World Bulletin / News Desk
Libyan oil output has been reduced by around 300,000 barrels per day (bpd) as protests by groups demanding greater autonomy for eastern Libya a day before national elections have blocked operations at some oil terminals, officials said on Friday.
The protests, combined with other storage and market-related factors, have pushed output down to a round 1.3 million bpd from the level of nearly 1.6 million bpd to which production has steadily climbed since the end of last year's war ousted Muammar Gaddafi.
"You are talking about a shortage in daily production of about 300,000, plus or minus," NOC Chairman Nuri Berruien told Reuters by telephone.
"Most of the cut is because of the unrest."
Berruien said political protesters had prevented the lifting of crude from terminals in the east, such as Al-Sidra and around Ras Lanuf and cited storage and market factors as reasons for the cut.
"(The) unrest has nothing to do with the oil sector," he said. "Some people are stopping the lifting ofcrude... And accordingly the companies have to reduce their production because some of the tanks are full."
Berruien said the disruption by protesters had begun on Thursday evening. He said some of his staff had been told the disruption would last 48 hours.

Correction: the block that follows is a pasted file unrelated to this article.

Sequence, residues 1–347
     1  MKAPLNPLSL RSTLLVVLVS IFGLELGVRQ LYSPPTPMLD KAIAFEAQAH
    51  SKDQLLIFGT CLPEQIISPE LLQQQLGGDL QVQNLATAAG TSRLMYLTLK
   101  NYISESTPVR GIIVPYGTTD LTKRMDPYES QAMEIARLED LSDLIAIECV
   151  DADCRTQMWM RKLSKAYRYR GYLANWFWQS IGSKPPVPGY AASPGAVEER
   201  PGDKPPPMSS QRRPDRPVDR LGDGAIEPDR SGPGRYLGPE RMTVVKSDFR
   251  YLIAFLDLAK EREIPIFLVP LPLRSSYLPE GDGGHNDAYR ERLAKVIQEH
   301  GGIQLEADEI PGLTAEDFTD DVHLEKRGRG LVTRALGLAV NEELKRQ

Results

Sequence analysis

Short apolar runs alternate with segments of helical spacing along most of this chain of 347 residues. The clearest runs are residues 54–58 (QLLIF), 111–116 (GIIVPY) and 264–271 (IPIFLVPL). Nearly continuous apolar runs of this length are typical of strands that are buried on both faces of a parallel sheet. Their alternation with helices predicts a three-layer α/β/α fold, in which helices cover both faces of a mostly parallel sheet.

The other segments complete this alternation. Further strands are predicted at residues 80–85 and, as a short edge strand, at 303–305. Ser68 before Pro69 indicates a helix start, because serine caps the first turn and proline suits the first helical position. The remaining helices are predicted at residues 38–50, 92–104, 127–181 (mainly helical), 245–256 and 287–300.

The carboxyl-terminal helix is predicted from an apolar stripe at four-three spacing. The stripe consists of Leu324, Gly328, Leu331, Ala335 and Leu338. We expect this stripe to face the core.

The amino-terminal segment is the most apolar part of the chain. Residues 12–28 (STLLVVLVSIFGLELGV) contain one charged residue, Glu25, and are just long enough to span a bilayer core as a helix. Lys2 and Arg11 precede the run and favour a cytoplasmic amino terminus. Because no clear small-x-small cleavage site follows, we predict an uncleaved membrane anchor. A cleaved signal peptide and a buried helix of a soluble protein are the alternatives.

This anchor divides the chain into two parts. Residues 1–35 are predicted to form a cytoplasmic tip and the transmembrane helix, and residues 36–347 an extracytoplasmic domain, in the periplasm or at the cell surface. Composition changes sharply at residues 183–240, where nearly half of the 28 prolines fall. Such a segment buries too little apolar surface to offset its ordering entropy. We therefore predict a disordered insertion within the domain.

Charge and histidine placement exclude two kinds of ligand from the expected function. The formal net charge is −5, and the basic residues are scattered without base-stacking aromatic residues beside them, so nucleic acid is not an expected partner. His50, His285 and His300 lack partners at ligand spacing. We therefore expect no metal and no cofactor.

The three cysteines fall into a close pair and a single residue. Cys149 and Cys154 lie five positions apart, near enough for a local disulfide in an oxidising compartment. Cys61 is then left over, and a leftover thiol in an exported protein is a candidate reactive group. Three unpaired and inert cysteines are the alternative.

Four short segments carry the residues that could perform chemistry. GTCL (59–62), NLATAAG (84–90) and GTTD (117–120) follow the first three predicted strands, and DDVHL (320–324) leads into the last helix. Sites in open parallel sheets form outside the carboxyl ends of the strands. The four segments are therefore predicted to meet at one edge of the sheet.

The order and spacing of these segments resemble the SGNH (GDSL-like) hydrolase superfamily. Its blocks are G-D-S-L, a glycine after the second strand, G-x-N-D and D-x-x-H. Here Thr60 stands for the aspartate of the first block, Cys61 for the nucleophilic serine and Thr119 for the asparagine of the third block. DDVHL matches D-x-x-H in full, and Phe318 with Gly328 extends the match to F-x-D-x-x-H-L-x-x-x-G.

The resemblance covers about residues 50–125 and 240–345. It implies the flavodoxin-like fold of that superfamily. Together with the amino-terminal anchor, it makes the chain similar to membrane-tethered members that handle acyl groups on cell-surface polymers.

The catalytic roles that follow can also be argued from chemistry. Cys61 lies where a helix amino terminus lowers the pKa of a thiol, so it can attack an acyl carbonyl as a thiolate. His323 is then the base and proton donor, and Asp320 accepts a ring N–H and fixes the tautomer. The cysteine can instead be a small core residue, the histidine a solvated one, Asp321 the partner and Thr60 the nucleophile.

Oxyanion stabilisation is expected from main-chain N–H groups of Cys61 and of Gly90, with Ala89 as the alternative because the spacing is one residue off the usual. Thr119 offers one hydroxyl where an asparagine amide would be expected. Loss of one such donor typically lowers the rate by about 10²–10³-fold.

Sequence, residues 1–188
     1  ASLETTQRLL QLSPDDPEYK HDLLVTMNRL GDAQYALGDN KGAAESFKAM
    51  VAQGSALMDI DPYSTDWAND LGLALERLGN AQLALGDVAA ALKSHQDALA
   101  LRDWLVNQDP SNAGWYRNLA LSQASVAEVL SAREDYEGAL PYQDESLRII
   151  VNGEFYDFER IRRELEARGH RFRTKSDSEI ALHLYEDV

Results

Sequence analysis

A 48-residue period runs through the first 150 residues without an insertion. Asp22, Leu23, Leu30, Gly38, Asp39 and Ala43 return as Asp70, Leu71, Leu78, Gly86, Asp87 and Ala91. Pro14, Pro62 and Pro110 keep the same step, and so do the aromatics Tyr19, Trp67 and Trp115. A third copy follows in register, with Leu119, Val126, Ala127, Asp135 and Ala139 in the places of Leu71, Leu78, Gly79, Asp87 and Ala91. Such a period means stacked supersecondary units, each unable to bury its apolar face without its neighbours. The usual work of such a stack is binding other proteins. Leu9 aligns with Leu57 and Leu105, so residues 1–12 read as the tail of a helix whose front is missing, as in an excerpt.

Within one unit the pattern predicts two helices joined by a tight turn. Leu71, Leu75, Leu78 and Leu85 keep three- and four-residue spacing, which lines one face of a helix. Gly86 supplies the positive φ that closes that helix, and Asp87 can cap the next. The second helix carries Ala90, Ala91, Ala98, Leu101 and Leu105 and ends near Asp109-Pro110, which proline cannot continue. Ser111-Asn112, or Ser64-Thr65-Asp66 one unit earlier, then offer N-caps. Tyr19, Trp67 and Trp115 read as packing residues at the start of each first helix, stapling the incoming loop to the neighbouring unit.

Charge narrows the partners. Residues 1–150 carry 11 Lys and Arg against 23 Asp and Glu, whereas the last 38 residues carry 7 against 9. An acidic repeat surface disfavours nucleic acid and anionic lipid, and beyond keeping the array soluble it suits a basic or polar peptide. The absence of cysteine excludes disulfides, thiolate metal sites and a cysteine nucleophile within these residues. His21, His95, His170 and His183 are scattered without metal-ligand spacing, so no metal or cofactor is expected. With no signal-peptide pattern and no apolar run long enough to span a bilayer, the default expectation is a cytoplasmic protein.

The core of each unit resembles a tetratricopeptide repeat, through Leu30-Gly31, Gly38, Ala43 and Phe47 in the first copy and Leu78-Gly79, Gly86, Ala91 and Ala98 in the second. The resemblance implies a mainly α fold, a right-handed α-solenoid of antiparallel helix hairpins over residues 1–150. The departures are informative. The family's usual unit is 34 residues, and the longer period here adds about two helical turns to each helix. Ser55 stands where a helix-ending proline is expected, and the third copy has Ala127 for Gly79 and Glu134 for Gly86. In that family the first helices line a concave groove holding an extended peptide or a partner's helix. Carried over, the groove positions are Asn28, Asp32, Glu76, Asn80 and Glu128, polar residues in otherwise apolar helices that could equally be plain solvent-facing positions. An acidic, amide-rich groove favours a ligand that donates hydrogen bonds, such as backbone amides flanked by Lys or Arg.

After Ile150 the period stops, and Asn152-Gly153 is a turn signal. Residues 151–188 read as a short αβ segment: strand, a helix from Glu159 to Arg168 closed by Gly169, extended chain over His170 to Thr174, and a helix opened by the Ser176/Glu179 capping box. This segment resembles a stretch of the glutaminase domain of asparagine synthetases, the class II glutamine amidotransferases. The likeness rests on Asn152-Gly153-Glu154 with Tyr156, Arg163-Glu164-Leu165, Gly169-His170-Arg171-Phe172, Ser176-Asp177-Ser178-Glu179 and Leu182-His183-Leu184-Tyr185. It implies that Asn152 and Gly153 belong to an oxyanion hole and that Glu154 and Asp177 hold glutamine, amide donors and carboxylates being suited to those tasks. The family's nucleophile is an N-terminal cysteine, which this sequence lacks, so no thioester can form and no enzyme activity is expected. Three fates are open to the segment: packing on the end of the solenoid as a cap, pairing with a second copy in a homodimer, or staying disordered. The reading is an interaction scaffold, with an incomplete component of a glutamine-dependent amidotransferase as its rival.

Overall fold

"For the security of the people working there and the equipment, it was decided to minimise the exportations from the host terminals, Sidra and Ras Lanuf, and in this case you have to reduce the production," Deputy Oil Minister Omar Shakmak told Reuters. He said output was on average at 1.35 million bpd.
Berruien would not be drawn on who the protesters were.
A self-proclaimed autonomous council for the oil-rich province has called on people in the region to boycott the July 7 election for a national assembly, saying it will not give adequate representation to the east.
The anti-election group also now includes some tribes as well as disgruntled former rebel forces gathering at Wadi Ahmar, which lies west of Benghazi, analysts have said.
Libya's east, home to most of the country's oil, was starved of cash during Gaddafi's 42-year rule, and calls for federal rule have been fuelled by long-standing complaints it has been deprived of its fair share of wealth.
Saturday's election for the assembly, which will name a new prime minister, help draft a constitution and enact legislation is a crucial milestone in shaping Libya's institutions.
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